>(Another Tolkien inspired piece, this one with slightly better names. Although the elves are obviously borrowed that could be easily fixed if I could remember what the entire point of this story was going to be.)
Sarith woke up and dreaded another day. Sleep no longer brought him rest. It was only a way of passing the time of the evil night during which none might be abroad. Sometimes he wondered which he dreaded more; the darkness of the night or the darkness of his dreams. Ever since Gathorn had met him his thoughts were ever-filled with foreboding and a dread he could not shake off. Here, in Avalon, he was safe, yet he knew that sooner or later destiny would call him forth; forth to war.
He did not know who he would lead, or who he would follow. War was breeding though, there would be no mistake. War, he shuddered at the word, the thought; the evil that Gathorn was planning and had disclosed. He didn’t dare breath a word of it to Mora, or Tareth or Mariessa or any of them. It was a thought too terrible to talk about. But it haunted his dreams at night and soon he would have to leave the safety of his home and take his place against the evil that was brewing in his world.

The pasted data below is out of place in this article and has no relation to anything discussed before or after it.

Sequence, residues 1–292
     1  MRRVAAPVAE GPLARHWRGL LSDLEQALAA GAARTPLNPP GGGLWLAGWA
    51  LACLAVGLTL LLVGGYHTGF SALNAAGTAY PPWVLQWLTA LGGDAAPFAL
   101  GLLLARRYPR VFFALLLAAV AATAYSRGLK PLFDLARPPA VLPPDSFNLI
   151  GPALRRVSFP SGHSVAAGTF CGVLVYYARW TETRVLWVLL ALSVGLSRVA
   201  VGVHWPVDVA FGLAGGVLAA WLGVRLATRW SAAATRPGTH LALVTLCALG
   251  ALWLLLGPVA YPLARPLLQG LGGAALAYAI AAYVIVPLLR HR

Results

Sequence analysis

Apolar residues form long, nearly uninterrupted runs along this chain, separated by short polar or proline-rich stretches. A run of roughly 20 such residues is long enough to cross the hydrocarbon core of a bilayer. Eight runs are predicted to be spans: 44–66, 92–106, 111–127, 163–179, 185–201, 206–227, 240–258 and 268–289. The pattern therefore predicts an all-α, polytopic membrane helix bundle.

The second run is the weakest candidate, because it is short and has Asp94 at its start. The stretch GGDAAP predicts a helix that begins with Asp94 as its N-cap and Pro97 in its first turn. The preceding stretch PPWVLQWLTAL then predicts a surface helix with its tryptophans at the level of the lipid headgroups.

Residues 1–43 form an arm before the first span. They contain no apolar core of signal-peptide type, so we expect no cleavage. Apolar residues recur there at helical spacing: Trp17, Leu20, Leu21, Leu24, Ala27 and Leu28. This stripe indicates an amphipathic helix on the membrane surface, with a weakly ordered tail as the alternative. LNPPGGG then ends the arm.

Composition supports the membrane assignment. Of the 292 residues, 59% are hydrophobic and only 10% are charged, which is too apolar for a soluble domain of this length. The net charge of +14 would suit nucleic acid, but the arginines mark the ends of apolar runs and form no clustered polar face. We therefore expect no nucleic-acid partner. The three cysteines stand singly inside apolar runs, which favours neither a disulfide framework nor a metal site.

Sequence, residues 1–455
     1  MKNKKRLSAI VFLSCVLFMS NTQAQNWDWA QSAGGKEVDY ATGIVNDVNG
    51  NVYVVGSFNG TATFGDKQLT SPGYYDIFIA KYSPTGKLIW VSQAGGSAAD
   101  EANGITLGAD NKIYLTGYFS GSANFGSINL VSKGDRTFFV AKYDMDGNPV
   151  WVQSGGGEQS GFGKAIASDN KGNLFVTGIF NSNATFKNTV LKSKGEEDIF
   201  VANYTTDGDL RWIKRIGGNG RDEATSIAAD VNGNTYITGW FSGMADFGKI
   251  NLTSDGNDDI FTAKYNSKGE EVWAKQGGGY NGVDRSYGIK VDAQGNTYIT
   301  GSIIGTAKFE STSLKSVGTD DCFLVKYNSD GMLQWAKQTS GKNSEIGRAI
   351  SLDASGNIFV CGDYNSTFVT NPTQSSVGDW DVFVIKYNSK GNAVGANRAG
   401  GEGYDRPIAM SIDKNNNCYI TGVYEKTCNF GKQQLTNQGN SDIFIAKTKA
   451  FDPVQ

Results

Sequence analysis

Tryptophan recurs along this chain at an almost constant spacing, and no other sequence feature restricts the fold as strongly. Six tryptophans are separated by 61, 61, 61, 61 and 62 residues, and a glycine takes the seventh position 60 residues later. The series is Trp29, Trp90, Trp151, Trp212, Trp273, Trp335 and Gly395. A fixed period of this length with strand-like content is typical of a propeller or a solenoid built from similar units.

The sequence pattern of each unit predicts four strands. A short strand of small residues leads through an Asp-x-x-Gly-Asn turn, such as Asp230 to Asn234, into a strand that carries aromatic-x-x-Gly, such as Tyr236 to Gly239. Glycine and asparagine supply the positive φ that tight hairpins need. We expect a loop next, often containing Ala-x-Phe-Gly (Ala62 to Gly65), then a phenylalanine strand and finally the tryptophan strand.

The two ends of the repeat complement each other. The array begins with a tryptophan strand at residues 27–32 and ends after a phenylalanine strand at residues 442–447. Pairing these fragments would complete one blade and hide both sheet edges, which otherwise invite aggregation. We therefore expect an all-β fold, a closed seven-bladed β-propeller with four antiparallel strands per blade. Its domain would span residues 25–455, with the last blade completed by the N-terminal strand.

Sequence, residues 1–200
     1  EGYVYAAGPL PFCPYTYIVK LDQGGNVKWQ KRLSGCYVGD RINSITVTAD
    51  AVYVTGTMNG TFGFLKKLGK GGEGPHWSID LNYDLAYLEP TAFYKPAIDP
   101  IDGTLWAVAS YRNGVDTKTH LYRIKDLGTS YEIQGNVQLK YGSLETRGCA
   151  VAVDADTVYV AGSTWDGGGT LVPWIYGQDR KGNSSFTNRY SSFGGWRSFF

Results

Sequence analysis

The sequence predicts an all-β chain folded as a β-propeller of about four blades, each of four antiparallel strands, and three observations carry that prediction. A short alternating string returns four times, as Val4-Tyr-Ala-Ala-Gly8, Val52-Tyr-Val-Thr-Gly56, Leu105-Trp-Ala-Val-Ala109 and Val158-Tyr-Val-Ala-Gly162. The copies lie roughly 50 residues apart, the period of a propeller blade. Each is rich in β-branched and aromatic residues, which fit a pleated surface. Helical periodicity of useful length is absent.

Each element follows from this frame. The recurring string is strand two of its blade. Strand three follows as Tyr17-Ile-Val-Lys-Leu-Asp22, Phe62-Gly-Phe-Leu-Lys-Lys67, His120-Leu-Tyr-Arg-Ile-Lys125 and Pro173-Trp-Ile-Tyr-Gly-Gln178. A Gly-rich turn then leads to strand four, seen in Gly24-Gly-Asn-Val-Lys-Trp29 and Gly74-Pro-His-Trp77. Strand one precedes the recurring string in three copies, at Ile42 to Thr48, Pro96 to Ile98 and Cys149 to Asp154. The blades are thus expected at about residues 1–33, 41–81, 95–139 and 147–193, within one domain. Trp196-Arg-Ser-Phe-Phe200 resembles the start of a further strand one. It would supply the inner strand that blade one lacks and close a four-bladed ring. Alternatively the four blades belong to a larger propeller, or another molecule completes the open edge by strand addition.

Gathorn had found him only a week ago, riding on the outskirts of the forest.
“Hi there, my lad,” he cried. “Not so fast now.”
Sarith had frowned down on him then; an old wizened man walking along the road.
“Who are you, stranger?” he asked.